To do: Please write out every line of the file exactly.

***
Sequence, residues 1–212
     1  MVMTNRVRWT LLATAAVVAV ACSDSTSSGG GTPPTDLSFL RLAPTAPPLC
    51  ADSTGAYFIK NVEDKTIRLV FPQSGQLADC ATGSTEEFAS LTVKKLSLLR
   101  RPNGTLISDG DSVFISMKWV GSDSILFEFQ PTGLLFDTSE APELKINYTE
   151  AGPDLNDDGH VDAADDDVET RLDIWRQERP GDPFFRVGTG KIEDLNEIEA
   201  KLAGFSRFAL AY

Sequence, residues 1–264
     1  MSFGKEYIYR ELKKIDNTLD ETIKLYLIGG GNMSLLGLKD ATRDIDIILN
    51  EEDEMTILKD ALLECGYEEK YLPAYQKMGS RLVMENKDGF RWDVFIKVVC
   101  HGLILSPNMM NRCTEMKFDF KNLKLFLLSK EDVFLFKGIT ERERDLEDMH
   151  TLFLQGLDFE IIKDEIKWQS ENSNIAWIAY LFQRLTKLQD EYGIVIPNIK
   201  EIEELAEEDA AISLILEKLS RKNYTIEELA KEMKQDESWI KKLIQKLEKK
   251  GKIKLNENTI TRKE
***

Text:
Sequence, residues 1–212
     1  MVMTNRVRWT LLATAAVVAV ACSDSTSSGG GTPPTDLSFL RLAPTAPPLC
    51  ADSTGAYFIK NVEDKTIRLV FPQSGQLADC ATGSTEEFAS LTVKKLSLLR
   101  RPNGTLISDG DSVFISMKWV GSDSILFEFQ PTGLLFDTSE APELKINYTE
   151  AGPDLNDDGH VDAADDDVET RLDIWRQERP GDPFFRVGTG KIEDLNEIEA
   201  KLAGFSRFAL AY

Sequence, residues 1–264
     1  MSFGKEYIYR ELKKIDNTLD ETIKLYLIGG GNMSLLGLKD ATRDIDIILN
    51  EEDEMTILKD ALLECGYEEK YLPAYQKMGS RLVMENKDGF RWDVFIKVVC
   101  HGLILSPNMM NRCTEMKFDF KNLKLFLLSK EDVFLFKGIT ERERDLEDMH
   151  TLFLQGLDFE IIKDEIKWQS ENSNIAWIAY LFQRLTKLQD EYGIVIPNIK
   201  EIEELAEEDA AISLILEKLS RKNYTIEELA KEMKQDESWI KKLIQKLEKK
   251  GKIKLNENTI TRKE